The blockchain is much more than just the technological basis of cryptocurrencies. As a transaction system, it is rather predestined for applications in the field of registers, bookkeeping, taxes, finances and the like, and thus especially for public organizations and the performance of their tasks.
It should come as no surprise that the blockchain is predestined as a transaction system for applications in the public sector with its registers, books, evidence and administrative files, as well as the associated requirements for data integrity, legitimacy and security. Those involved in the public sector are also aware of this potential of blockchain technology. For example, a 2020 show among executives in public administration, municipal administration as well as in health and social services carried out by the BDO Blockchain Initiative surveythat “64% of respondents are open to innovative solutions [zeigen], and 57% believe the public sector will unlock the potential of blockchain technology. ” This is also confirmed by the various current blockchain-based applications and projects in this area, such as:
- the commercial register in Malta,
- a land register in Sweden,
- a land register in the United Arab Emirates,
- an ID system in Argentina and Ethiopia,
- an electronic identity, from tax returns to electronic patient files in Estonia and
- first (Abitur) certificates in some German federal states.
Regardless of the various applications that have already been implemented, “80% of those surveyed … the lack of blockchain regulation [als] the biggest obstacle to the implementation of the blockchain ”. Furthermore, there is often a lack of appropriate knowledge about the blockchain, as well as concrete and sustainable practical examples. In addition, the blockchain is still struggling with a certain “dirty” image, which is often characterized by media reports on individual crypto currencies and these are simply equated with the blockchain as a technology, so that there is often still insufficient acceptance. Nevertheless, a lot has happened here in the recent past, so it is worth taking a closer look.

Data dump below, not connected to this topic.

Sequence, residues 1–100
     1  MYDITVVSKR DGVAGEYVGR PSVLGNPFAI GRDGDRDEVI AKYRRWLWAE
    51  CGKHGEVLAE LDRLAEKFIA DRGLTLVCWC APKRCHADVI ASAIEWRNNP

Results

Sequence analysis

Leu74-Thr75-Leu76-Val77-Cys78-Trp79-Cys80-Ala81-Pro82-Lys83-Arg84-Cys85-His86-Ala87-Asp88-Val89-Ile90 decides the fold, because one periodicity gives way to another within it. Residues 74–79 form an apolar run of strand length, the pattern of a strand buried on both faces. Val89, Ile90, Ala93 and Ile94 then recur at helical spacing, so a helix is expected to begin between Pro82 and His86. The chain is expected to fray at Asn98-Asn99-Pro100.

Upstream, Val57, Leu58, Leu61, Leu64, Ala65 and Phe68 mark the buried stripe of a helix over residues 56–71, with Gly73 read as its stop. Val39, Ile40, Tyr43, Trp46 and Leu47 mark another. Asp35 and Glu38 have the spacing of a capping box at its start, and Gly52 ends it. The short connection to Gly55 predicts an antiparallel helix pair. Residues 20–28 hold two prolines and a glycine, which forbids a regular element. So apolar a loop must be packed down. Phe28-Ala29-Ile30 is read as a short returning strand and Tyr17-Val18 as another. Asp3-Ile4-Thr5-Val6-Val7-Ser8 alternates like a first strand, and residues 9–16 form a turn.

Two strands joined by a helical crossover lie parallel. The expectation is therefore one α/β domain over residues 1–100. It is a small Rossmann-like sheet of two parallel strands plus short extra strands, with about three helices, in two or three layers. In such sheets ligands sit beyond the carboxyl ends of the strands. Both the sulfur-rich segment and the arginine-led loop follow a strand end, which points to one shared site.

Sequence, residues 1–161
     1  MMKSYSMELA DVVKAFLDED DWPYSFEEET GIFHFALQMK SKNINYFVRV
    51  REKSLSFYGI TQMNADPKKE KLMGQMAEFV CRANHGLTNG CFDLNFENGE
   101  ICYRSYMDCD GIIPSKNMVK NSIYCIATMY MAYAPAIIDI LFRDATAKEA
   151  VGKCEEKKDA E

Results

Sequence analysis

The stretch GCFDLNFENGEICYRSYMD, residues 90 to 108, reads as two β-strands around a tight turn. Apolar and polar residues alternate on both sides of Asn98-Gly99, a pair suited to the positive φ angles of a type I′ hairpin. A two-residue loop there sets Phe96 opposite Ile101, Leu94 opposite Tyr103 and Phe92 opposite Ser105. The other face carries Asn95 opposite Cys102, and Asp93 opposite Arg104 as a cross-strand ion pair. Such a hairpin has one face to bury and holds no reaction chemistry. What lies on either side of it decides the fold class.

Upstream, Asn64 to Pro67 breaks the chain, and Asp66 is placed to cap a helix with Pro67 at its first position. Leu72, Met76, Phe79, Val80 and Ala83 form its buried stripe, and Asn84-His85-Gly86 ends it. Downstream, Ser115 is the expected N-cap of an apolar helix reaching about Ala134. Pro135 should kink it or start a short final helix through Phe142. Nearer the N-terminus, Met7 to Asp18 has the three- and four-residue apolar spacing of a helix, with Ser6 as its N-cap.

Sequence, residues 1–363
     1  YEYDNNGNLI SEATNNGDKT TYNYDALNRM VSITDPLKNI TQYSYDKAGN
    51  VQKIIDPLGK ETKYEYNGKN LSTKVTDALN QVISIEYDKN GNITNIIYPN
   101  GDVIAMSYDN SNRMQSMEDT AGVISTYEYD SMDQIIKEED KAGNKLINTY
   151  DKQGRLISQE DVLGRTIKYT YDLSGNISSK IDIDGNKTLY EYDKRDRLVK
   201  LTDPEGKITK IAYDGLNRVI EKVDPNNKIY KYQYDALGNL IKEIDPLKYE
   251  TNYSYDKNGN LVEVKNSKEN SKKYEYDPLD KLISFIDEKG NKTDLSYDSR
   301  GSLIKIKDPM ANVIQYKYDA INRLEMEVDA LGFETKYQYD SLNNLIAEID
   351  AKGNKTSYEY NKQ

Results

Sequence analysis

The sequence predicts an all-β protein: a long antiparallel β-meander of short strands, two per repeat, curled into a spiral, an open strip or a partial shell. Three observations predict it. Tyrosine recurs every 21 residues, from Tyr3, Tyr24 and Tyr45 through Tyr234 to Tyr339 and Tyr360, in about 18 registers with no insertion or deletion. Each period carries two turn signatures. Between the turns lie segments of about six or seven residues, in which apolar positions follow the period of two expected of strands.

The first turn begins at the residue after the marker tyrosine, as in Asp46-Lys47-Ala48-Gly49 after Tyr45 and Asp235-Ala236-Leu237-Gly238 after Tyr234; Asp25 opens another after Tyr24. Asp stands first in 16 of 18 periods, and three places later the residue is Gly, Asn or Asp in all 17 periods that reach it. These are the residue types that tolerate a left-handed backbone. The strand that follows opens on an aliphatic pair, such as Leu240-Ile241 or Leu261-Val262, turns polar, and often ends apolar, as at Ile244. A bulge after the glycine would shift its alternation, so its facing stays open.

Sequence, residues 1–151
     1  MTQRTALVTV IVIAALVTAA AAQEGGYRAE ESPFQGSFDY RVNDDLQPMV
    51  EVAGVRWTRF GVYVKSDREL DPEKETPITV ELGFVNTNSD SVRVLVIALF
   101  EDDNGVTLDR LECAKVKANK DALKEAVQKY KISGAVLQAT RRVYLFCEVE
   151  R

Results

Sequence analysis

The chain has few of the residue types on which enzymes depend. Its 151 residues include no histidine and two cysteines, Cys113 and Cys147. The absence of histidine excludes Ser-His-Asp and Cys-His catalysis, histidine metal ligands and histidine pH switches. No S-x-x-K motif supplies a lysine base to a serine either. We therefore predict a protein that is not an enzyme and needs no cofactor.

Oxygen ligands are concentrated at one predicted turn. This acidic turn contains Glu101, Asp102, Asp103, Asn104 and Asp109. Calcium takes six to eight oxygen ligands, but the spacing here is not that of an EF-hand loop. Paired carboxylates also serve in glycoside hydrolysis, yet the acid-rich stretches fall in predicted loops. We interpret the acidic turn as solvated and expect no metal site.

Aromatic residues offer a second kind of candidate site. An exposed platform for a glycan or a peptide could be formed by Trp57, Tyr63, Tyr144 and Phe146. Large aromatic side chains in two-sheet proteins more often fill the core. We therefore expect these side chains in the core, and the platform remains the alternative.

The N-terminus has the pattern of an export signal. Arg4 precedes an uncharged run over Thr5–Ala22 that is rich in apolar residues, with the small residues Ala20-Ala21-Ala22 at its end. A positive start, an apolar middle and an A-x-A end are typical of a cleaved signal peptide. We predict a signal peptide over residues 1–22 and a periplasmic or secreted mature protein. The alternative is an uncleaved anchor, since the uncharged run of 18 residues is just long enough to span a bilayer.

Where does the federal government’s blockchain strategy stand?
With the one that was adopted in autumn 2019 and developed with the involvement of various experts Blockchain strategy the federal government had presented an initial framework for action and development. A total of 44 measures in 5 fields of action were named in the strategy paper. In what is most interesting from the public sector’s point of view, the “digital[n] Administrative Services ”, with 10 measures, became like one small request to the federal government, in the meantime all measures have started. However, it is not clear what this means for the specific implementation status. It will be exciting to see whether the blockchain strategy will manage to achieve the goals associated with it or whether it will, as has been the case for a long time and recently by Frank Schäffler, member of the Bundestag for the FDP laments, just “announced with a lot of fanfare [wurde], but at the end of the legislative period … just hot air left …[bleibt].”
What plans are in the coalition agreement?
In the current coalition agreement, the blockchain can be found in three places or, with the inclusion of applications from the field of cryptocurrencies, in a total of eight places. Accordingly, inter alia planned, “commissioned a feasibility study [zu geben]to investigate whether a land register on the blockchain is possible and advantageous. ” (P. 92 des Coalition agreement).
What general developments are there?
Overall, there is a slow but steady interest in further building up knowledge and transferring this into concrete applications. This year, for example, the Lower Saxony Ministry of Economics, Labor, Transport and Digitization launched a Blockchain ideas competition hosted. Since “blockchain technology … is only slowly taking off in the free economy[kommt und] … the necessary know-how is missing in many companies and the potential of the technology is not yet sufficiently known, [wurde in] … the competition … based on practical examples [gesucht]that make the possibilities of technology tangible so that it can be further disseminated in Lower Saxony’s economy, ”said Lower Saxony’s Minister of Economics and Digitization, Dr. Bernd Althusmann (CDU).
This trend towards specific applications is also reflected this year Gartner Hype Cycle on the blockchain, so that the blockchain, after the past few years were characterized by a mix of excessive expectations and, of course, the associated disillusionment, is now in the phase of clarification and on the threshold of the plateau of productivity. Thus, in the medium term, the exciting phase of “real” and sustainable applications on the blockchain, both in the public sector and in the private sector, should begin.
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The blockchain in the public sector – quo vadis?